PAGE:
performance of pci_device_get_{vendor, device}_name() in X server startup

Richard Barnette jrbarnette at
Tue Jun 8 16:11:57 PDT 2010

On Jun 8, 2010, at 2:51 PM, Mike Travis wrote:

> Mikhail Gusarov wrote:
>> Twas brillig at 14:26:32 08.06.2010 UTC-07 when jrbarnette at
>> did gyre and gimble:
>> RB> I'd like advice/opinions on which of these might be the most  
>> eagerly
>> RB> embraced (or at any rate, least vigorously opposed :-) ), or  
>> whether
>> RB> there's a better idea I've overlooked.
>> The Right Thing that immediately comes to mind is fixing libpciaccess
>> internals to be able to read data from saner (indexed,
>> string-compressed, with common strings merged for different PCI ids)
>> file format to avoid problem with linear search altogether. Given
>> simplicity of data format it should be nearly trivial task.
> Another thought would be to cache the strings related to the devices
> attached to the system and save them some place.  Only need to go to
> big database if new device is attached.

Yup, I've thought about variations on this theme.  It works well enough
for Chrome OS, where the cache file could be generated once when the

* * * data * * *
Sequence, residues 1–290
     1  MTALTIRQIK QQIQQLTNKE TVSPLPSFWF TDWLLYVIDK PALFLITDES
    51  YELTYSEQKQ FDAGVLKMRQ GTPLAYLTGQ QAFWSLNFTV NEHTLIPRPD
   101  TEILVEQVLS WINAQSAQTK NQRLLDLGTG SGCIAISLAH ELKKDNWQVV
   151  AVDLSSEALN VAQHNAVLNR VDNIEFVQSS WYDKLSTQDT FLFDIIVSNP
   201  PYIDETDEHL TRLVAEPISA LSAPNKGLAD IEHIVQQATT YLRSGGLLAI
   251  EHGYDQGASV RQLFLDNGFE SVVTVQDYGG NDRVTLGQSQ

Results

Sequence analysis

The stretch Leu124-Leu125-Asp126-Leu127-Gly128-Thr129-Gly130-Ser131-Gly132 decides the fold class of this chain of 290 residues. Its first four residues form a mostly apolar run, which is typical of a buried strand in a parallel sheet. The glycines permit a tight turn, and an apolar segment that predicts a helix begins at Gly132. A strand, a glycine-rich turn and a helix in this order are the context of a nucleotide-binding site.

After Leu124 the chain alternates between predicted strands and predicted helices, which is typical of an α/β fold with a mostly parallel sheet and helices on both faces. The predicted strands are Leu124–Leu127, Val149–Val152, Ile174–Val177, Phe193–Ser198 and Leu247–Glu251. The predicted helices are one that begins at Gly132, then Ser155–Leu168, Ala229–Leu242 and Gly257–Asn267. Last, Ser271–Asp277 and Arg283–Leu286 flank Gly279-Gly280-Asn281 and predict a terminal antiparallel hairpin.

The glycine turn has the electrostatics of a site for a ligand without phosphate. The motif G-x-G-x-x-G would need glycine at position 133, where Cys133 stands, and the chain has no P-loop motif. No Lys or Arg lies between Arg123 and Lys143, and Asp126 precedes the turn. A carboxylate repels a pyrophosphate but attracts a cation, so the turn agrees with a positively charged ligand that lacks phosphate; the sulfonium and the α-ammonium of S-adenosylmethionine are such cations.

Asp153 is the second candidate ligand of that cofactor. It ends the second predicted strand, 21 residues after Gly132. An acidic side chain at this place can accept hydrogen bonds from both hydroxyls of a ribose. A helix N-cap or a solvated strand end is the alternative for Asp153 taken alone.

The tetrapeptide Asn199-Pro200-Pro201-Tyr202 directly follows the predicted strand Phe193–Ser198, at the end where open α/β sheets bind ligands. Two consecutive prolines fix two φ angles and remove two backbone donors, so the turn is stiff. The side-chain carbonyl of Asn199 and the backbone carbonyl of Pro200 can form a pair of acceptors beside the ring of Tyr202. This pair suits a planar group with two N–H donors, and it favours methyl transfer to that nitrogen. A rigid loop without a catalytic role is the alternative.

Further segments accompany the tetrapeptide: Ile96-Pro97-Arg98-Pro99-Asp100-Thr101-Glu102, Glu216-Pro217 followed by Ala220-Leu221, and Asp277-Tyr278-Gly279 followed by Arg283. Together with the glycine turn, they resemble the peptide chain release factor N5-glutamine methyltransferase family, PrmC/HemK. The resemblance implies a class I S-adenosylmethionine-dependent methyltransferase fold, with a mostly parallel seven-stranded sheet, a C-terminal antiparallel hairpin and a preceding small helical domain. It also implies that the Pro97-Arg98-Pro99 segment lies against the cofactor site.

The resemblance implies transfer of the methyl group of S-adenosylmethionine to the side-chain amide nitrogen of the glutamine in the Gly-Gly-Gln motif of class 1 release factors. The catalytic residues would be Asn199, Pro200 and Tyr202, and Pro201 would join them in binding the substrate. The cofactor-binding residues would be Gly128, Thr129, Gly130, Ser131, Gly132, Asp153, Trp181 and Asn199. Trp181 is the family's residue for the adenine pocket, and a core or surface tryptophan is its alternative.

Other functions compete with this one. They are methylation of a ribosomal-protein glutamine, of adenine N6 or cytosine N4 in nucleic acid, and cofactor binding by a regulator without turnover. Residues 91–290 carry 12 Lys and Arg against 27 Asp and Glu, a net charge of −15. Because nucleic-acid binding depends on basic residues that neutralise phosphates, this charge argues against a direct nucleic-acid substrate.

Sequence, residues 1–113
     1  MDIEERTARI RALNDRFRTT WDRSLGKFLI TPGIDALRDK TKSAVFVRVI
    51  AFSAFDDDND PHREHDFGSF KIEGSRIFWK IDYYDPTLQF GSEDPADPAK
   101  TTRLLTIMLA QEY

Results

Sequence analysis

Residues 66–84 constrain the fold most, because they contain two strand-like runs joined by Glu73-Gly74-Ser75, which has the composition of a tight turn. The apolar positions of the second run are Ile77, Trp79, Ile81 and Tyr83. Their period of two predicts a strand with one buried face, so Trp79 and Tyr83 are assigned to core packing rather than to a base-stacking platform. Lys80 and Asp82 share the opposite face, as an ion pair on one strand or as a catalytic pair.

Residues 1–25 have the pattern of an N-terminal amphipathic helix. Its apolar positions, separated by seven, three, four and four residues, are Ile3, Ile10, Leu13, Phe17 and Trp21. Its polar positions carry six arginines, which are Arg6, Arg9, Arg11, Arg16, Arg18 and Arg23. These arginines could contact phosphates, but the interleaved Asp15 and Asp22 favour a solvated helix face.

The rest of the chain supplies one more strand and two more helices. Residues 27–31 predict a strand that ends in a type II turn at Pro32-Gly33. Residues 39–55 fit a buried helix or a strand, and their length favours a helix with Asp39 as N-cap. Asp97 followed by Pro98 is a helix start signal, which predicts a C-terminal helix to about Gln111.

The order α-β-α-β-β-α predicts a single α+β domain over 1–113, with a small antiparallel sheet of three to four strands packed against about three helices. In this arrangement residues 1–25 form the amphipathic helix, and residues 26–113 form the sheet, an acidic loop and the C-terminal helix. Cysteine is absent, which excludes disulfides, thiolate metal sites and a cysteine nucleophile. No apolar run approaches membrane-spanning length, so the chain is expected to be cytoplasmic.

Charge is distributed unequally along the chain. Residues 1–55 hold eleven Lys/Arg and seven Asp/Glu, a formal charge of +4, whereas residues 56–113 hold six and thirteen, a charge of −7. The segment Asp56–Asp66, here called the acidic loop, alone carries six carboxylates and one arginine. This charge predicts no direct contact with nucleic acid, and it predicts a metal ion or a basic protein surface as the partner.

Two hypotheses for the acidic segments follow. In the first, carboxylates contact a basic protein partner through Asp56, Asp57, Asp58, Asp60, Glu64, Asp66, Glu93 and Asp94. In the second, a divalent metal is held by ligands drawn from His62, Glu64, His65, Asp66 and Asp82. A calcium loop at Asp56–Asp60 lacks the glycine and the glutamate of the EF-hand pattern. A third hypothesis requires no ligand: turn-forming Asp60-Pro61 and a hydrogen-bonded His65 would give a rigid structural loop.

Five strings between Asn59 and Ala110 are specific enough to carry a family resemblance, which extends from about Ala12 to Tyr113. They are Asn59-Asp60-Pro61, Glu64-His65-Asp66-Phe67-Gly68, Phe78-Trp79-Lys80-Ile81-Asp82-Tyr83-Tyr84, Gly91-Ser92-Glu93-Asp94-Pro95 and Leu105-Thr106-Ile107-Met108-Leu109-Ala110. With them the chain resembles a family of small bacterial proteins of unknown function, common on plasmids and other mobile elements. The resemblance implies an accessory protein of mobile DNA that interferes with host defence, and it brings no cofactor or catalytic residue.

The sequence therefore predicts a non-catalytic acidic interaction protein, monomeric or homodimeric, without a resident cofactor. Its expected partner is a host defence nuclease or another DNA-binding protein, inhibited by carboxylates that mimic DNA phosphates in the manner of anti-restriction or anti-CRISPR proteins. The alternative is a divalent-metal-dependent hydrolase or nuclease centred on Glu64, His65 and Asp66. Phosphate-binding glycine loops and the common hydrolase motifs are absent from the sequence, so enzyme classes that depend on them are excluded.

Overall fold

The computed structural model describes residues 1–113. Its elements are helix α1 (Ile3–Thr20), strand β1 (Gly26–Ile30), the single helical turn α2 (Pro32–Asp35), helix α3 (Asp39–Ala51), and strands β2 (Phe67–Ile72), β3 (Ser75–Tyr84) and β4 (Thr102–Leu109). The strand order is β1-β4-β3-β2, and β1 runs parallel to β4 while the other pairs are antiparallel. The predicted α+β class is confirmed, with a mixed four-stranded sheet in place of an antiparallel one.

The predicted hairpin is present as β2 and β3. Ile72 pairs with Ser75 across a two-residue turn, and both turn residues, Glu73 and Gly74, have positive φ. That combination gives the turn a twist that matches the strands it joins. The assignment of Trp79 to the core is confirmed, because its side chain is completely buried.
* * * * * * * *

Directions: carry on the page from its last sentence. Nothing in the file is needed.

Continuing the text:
system software was installed (i.e. at manufacturing time), but as a
general purpose solution usable to any Linux distro, maintaining the
cache as up-to-date if a user upgraded system hardware would be a bit
more work.

Assuming we declare that generating and maintaing the cache file is
SEP, there are two ways to go about it:
   * Enhance libpciaccess to search a longer list of files, so that
     the cache file could be checked ahead of the full index.   
     libpciaccess looks for "pci.ids.gz" and then "pci.ids" in a  
     that's selected at configure time.  The change would be to have two
     configured directories, and search for four files.
   * Just add the option to X to specify the "pci.ids" file on the
     command line, and pass the cache file (or the full index) to
     the X server.

-- jrb

More information about the xorg-devel mailing list